Henry IV Part II / Richard II
Royal Shakespeare Company
Courtyard Theatre, Stratford
The first cycle of Shakespeare's histories, revived by director Michael Boyd, bought 'golden opinions' for the RSC and rightly so. The productions of Henry VI Parts I, II and III - though not Richard III - showcased the RSC's artistic director's strengths - a thrilling physicality, intelligent use of all the auditorium, and the ability to lay bare the pattern and themes running through the cycle.
The second, later, tetralogy, by any judgement considerably the finer, ought to offer even greater riches - Tynan, a fair judge of these things, thought Henry IV Parts I and II offered two of the most rewarding evenings in the theatre. In practice though it doesn't work out that way. Henry IV Part II, admittedly a work on which the shadows have already begun to fall, proves a glum affair.
David Warner, a deeply-troubled Hamlet in his debut RSC performance many years ago, is wildly miscast and ill at ease as the fantastical Falstaff. It is a performance which bears out the truth of Cyril Connolly's observation that inside every fat man is a thin man wildly signalling to be let out. Not only does he prove here not to be witty in himself, he fails to engender wit in others. But the blame for this can't be laid at Warner's door alone. His partner-in-crime Geoffrey Streatfield is a singularly charmless Hal. The early tavern scenes pass for little and it is not until we reach the orchard scenes with Shallow and Silence and their deepening melancholy that the production begins to gel.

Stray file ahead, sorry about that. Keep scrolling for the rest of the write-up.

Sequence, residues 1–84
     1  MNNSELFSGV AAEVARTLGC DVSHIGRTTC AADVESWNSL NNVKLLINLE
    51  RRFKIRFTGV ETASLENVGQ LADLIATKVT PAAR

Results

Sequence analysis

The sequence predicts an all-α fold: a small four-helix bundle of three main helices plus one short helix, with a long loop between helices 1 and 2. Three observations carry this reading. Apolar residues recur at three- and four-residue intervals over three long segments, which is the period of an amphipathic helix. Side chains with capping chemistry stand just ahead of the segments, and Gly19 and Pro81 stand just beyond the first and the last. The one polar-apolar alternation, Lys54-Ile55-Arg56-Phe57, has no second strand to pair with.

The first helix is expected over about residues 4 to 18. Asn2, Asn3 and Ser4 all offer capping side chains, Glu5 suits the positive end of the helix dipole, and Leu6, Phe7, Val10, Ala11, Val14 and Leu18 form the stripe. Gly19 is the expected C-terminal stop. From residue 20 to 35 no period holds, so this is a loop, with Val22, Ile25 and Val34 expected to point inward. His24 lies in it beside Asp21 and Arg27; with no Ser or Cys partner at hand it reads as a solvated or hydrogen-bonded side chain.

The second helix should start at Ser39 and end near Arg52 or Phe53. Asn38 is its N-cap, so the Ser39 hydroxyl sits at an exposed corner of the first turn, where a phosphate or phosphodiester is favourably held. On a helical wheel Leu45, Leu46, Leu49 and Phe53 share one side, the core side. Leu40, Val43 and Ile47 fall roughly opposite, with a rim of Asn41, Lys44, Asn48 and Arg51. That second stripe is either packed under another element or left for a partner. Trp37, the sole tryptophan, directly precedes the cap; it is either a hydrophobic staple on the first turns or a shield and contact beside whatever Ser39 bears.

It was a relief then to find in the arrival of Richard II a drastic betterment. At the heart of the production is a charismatic performance by Jonathan Slinger as the doomed king, It is certainly a vast improvement on his loud and two-dimensional performance as Richard III and confirms that Slinger's abilities extend beyond the considerable comic gifts shown already as Fluellen in Henry V and in the RSC production, two years ago, of The Comedy of Errors.
Slinger still lets himself down by a tendency to rant from time to time and to emphasise certain words without either a regard for the rhythm of the verse or the meaning of the text but it is still, all in all, a considerable achievement. He is well-supported, in particular by Richard Cordery as the Duke of York.
Followers of the Histories cycle will know what to expect in terms of the staging; Boyd makes full use of the vertical as well as the thrust stage, with characters descending from and ascending to the roof. The bizarre props dreamt up for the joust between Bolingbroke and Mowbray, however, which prompted laughter from the audience, should have been abandoned in rehearsals along with the idea of suspending a piano player from the ceiling.
London audiences will soon have the opportunity of experiencing the complete Histories cycle themselves. While Henry IV can't be recommended with any great enthusiasm, Richard II can and should be at the top of the list.
Reviewer: Pete Wood